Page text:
Marketing officer Harold found the freedom he was yearning for after he was offered a managerial role in another company, but his dreams of a less-stress life was put on hold after his boss rejected his resignation letter.
The 26-year-old is the next in line to become a marketing manager, according to his boss. However, he feels he can't stay longer due to the toxic work environment.
“Nakaka-disappoint din if your boss doesn’t support your choices. I know they only want what’s best for my career, but they shouldn’t be holding me back,” Harold, who refused to give his real name, told reportr.
Resignations shouldn’t be this hard, as managers should accept that at some point, even their best employees will look for greener pastures in another company or industry, a human resource practitioner said.
“Resignation is a natural part of the employee life cycle. Hindi yan pare-pareho na mags-stay forever or ng five or 10 years,” human resources and labor relations consultant Rhonadale Florentino told reportr.
“So kapag nag-resign sila, don't hold it against them. Terminate the employer-employee relationship on a good note,” she added.
Why your boss won’t accept your resignation
Managers may have different reasons for rejecting the resignation of their employees. Sometimes, they just want to give their subordinates time to think about their decision, Florentino said.
“Managers also understand na minsan nagiging emotional si employee, bigla na lang magbibigay ng resignation. So they give the employee time to think about the finality of that decision,” he said.
Often, a resignation gets rejected when the team is undermanned, and the manager has yet to find a replacement for the resigning employee, Florentino said. An unfinished task or project is also one reason why leaving is not yet possible.
“These are good reasons basically because hindi naman mini-mean ni manager na pahirapan si employee, wala siyang malice. It's just because of the current situation that he or she is in,” she added.
Not all managers have good reasons for rejecting a resignation, though. There are some who just don’t want to lose an employee that they look for ways to delay the resignation, Florentino said. Others even pressure their employees to stay by making turnovers and endorsements difficult for them, she added.
But can your boss actually refuse your resignation?
No, your boss can’t prevent you from leaving, especially if you’ve rendered the 30 days of work required by the law before your resignation takes effect, Florentino said.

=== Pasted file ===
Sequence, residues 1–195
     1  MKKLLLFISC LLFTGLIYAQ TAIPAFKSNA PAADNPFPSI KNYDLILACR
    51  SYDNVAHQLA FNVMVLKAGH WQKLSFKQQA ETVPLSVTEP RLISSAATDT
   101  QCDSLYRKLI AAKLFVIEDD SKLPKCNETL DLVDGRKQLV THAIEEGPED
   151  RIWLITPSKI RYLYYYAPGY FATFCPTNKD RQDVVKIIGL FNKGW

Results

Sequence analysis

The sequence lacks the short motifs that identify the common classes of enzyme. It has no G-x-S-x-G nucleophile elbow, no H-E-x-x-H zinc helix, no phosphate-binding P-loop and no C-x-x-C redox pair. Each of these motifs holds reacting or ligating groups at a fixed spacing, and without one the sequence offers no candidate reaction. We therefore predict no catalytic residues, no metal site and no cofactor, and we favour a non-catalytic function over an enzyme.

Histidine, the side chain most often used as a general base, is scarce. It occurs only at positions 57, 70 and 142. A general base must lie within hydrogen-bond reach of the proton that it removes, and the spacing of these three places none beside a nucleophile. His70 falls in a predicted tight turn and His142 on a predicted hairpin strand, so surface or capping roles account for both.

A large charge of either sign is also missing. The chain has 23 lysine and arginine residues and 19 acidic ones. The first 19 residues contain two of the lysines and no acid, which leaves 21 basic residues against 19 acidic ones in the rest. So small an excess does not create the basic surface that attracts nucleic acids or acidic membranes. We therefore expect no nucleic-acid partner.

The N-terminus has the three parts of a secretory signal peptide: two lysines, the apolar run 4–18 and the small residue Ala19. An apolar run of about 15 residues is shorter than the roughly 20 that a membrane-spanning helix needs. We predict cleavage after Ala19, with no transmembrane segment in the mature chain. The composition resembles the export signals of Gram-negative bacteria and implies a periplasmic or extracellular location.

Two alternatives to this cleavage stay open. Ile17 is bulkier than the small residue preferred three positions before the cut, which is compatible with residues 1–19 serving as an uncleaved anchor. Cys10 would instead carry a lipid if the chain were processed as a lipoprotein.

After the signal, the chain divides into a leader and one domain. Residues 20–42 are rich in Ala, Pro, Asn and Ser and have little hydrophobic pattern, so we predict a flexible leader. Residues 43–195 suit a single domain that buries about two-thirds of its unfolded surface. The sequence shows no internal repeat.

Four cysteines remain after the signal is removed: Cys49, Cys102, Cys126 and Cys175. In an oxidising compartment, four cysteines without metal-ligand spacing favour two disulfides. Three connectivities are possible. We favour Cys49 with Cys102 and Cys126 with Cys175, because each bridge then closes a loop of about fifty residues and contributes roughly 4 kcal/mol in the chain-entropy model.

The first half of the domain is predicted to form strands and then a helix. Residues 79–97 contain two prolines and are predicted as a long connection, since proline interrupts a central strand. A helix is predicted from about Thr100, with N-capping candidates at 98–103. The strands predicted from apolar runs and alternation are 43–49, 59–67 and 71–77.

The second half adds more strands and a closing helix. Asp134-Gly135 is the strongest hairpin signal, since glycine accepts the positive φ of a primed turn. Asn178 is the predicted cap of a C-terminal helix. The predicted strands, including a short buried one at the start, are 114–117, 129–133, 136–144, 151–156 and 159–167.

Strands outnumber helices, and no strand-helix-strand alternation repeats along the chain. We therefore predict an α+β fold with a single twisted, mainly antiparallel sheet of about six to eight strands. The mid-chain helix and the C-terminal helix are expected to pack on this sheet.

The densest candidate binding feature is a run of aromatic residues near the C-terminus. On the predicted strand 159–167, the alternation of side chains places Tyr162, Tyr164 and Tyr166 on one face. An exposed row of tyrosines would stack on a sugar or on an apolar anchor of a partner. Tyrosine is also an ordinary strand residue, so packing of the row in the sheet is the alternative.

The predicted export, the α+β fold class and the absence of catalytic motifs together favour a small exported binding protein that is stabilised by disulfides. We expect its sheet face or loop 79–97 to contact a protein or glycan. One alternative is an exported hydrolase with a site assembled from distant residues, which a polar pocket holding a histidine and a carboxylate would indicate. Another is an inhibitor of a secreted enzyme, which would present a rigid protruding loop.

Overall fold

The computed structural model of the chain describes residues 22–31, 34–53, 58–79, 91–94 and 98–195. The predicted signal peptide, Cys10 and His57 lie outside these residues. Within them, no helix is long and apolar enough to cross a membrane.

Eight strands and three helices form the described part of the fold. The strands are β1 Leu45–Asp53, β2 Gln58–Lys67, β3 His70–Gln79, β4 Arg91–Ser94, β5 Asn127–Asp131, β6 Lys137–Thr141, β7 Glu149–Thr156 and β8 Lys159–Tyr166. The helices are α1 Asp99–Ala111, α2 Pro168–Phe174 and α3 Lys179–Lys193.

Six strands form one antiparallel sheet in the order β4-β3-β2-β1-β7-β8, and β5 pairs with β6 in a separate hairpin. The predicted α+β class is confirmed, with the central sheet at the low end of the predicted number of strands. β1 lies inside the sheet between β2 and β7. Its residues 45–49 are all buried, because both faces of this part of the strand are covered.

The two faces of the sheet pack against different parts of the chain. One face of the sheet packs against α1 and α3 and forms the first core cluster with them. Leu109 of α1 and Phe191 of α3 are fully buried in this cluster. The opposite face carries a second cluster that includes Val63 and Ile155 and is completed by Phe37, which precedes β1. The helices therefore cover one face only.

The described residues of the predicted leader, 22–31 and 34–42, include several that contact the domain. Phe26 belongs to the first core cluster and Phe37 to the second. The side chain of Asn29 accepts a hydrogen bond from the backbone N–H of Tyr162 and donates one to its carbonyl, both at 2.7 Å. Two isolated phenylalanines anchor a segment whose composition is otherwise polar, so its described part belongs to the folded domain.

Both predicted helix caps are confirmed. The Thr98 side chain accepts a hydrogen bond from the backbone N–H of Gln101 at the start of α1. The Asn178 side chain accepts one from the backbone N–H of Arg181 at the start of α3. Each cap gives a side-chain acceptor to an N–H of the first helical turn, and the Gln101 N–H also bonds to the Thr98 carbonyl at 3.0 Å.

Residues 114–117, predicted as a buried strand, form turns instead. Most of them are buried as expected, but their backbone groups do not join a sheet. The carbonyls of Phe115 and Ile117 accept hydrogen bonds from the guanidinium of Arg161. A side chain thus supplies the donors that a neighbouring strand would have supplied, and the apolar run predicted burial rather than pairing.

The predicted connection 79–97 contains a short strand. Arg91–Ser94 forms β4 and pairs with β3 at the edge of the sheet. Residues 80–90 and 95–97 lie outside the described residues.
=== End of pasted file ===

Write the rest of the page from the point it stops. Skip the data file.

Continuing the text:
Under Article 285 of the Labor Code of the Philippines, an employee may terminate the employee-employer relationship “by serving a written notice on the employer at least one month in advance.”
“As long as si employee ay nag-send ng 30-day notice niya, employers cannot reject that. Regardless if may kapalit or tapos na yung turnover or kung ano pa man, employers cannot reject that,” Florentino said.
Other employees may have to serve more than 30 days before the resignation takes effect, depending on what’s stated in their employment contracts, she added.
The only time that the employer may defer a resignation is when the employee doesn’t render the required 30 days of work.
“For example, nakalagay sa kontrata ay 60 days pero ang gusto ni employee ay 30 days lang yung ise-serve, pwedeng sabihin ni employer na no, you have to render the 60 days,” Florentino said.
Can you resign even without completing the required 30 days? The Labor Code states that immediate resignations are only allowed in cases where there is serious insult by the employer, inhuman and unbearable treatment on the employee, or the employer committed a crime against the employee.
“Other than these reasons, hindi pwede ang immediate resignation. Let's say hindi mo lang feel yung environment, nagagalit ka sa boss mo, masyadong mababaw yun. Kailangan pa rin niyang mag-render ng 30 days,” Florentino said.
How about irrevocable resignations? Florentino said this doesn’t really serve any purpose especially if the employee fails to render the required 30 days.
“Ganun naman kasi nagwo-work yung batas natin. If it's something that does not follow kung ano man yung established laws natin, it doesn't hold any water,” she added.
How to convince your boss to let you go
If your boss doesn’t want to accept your resignation, here are a few tips from Florentino:
Work your last 30 days
Make sure to render your last 30 days at work or the period indicated on your employment contract. It’s the surest way your boss can’t say no to your resignation.
“Don't try to contest that unless the reason why you are resigning falls doon sa allowed reasons for immediate resignation,” Florentino said.
Organize your turnovers
As soon as you start sending out resumes to prospective employers, organize the tasks and projects you need to turn over to your colleagues immediately. This way, you boss can easily let you go when your resignation date comes, Florentino said.
“Yung preparation na ginagawa mo sa paghahanap ng trabaho, do the same thing doon sa mga kailangan i-turnover. So that when you do file your resignation, konti na lang yung kailangan i-turnover at wala nang masyadong hihingin pa sa inyo ang boss mo,” she added.
Don’t burn bridges
There may come a time that you will encounter your manager again in another setting, so it’s best not to cut them from your life completely, according to Florentino.
Florentino advised managers to understand the reasons why their employees leave and take it as part of their career growth.
“Kahit umalis siya, huwag sasama ang loob. Hindi naman forever nasa inyo ang empleyado,” she said.
“Parang jowa din yan. Kung hindi na kayo nago-grow pareho, bakit mo pipilitin na mag-stay sayo?” she added.
Rhonadale Florentino is a human resources consultant and strategist who serves as CEO and President of UpRush Social Geekers, an HR consultancy company. Access their services here.
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